Home inspector failed to inspect furnace
Q: When we bought our home last year, our home inspector said the forced air furnace was in good working order. Then winter came, the furnace wouldn't start, so we called the gas company. They said the furnace was a recalled Consolidated unit and needed replacement because it was a fire hazard. The gas man also found the thermostat had been disconnected. Therefore, the furnace could not have been tested during the home inspection. Shouldn't the home inspector have reported the recall status of the furnace and at least have told us the system did not work?
A: Recall notifications are excluded from the standards of practice of the home inspection profession. However, hazardous conditions affecting Consolidated furnaces are common knowledge among experienced home inspectors, having been widely publicized during the late 1990s. Most Consolidated furnaces have been replaced since that time.
Aside from the inherent problems with your furnace, it is surprising your inspector reported the system as being "in good working order" without having turned it on. If a disconnected thermostat prevented the system from operating, the lack of performance should have been listed in the report as a defect. The only excuse for not disclosing this would have been that the pilot was not lit, in which case the inspector should have recommended a full review of the heating system prior to close of escrow.
If a recommendation for further review had been made, the inspector would have averted further liability. If his report does not recommend repair or further evaluation prior to close, then his inspection would appear to have been negligent, in which case he should assume financial liability for replacement of the forced air system.
Q: We just purchased a 1988 home. Our home inspector tested the garage door opener, and his report states that the child safety feature is operative. However, our 4-year-old ran through the garage doorway while the door was coming down, and to our surprise, the closer didn't stop. That's when we discovered there are no safety sensors on the door jambs. Isn't this safety feature required by code, and shouldn't it's absence have been reported by our home inspector?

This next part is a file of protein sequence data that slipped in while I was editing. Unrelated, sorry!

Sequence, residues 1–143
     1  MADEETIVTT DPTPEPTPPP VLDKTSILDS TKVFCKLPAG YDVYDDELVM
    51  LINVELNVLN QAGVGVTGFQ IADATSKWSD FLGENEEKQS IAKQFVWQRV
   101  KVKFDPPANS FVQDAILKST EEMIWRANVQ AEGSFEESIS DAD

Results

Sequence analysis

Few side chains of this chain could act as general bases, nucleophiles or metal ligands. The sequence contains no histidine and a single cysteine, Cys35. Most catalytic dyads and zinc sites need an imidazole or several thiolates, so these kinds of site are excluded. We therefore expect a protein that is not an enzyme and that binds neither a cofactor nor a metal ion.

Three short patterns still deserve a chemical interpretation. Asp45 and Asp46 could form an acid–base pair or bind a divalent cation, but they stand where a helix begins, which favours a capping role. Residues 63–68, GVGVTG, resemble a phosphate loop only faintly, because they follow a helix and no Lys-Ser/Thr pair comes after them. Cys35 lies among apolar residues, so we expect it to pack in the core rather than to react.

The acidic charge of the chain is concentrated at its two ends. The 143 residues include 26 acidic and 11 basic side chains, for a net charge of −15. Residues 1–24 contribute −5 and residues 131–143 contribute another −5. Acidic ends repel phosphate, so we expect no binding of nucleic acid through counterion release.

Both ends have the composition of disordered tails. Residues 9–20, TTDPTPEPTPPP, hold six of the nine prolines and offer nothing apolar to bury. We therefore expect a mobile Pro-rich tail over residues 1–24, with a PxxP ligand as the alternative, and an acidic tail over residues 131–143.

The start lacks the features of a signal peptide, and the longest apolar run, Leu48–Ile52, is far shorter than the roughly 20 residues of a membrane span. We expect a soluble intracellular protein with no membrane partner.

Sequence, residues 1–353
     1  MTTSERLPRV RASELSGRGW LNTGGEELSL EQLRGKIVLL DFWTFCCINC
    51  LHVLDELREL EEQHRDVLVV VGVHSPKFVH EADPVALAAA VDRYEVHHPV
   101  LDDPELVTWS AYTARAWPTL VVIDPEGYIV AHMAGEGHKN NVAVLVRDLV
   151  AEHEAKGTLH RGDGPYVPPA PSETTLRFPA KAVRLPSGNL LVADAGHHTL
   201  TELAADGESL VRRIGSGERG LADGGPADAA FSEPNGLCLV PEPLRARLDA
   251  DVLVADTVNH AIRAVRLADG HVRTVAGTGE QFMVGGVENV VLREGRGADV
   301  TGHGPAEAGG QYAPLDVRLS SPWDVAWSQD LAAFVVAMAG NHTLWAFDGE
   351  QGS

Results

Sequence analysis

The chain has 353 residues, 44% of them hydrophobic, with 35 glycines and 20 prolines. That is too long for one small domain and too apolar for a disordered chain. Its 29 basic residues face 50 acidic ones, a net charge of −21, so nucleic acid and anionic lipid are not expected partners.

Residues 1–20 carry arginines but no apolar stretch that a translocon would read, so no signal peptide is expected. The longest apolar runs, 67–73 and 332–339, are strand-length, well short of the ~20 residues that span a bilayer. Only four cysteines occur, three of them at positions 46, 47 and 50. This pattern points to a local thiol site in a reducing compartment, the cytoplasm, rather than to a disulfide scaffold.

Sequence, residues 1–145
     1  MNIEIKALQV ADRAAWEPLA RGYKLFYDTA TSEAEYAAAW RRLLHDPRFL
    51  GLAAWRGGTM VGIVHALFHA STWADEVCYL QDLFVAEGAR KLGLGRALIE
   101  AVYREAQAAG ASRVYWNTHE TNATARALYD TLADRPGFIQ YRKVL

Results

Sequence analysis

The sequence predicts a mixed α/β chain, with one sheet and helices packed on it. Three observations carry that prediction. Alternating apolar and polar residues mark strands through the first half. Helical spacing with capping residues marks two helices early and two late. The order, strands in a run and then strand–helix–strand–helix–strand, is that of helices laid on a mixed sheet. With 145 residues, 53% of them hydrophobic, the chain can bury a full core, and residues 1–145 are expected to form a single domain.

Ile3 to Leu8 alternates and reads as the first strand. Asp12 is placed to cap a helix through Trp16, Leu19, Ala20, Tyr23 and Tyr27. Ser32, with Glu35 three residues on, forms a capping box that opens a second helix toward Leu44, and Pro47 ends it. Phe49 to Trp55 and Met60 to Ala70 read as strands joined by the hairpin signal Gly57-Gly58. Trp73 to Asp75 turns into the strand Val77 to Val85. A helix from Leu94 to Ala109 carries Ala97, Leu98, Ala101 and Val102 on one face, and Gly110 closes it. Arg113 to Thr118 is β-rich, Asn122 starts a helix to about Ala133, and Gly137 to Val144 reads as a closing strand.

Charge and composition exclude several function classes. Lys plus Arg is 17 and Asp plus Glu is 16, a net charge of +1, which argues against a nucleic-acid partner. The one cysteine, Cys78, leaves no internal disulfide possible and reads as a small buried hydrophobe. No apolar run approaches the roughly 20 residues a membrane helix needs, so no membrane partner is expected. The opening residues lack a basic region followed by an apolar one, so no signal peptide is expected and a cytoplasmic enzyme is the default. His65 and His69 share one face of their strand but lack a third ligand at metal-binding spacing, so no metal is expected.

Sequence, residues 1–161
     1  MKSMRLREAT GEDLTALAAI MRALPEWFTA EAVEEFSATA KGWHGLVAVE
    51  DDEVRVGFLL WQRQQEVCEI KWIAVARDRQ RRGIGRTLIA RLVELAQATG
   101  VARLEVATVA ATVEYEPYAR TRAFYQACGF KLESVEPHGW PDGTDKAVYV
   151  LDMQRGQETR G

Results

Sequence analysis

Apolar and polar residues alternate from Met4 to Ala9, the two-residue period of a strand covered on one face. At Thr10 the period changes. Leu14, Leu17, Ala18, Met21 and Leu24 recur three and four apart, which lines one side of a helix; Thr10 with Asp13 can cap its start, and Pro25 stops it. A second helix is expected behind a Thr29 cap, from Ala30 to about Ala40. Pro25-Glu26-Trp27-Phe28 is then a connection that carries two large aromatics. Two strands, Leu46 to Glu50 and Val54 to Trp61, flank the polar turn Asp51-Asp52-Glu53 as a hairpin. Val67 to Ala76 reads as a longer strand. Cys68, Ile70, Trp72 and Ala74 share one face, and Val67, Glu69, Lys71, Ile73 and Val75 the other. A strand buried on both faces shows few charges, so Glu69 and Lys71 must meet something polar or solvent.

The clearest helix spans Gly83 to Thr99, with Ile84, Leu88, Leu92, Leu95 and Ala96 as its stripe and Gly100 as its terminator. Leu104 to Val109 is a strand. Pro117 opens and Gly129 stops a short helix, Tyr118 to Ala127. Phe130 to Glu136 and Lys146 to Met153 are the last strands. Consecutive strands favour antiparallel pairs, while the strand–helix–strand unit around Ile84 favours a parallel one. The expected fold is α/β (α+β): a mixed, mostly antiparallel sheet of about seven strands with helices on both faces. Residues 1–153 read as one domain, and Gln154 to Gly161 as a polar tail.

A: Your garage door is required to be self-reversing for child safety, but your home predates the requirement for safety sensors on the garage door jambs. In most municipalities, the requirement for safety sensors was enacted around 1993. If your inspector disclosed the reverse function as operative, then the door probably reverses when there is resistance to downward motion. This was how older garage door openers were equipped for child safety. You can test this yourself by manually resisting the downward motion of your garage door to see if it reverses.
If the door does not reverse when tested, notify your home inspector and request an explanation. It may also be possible to have a garage door company retrofit your current opener with sensors for added safety.
• To write to Barry Stone, visit him on the web at www.housedetective.com, or write AMG, 1776 Jami Lee Court, Suite 218, San Luis Obispo, CA 94301.
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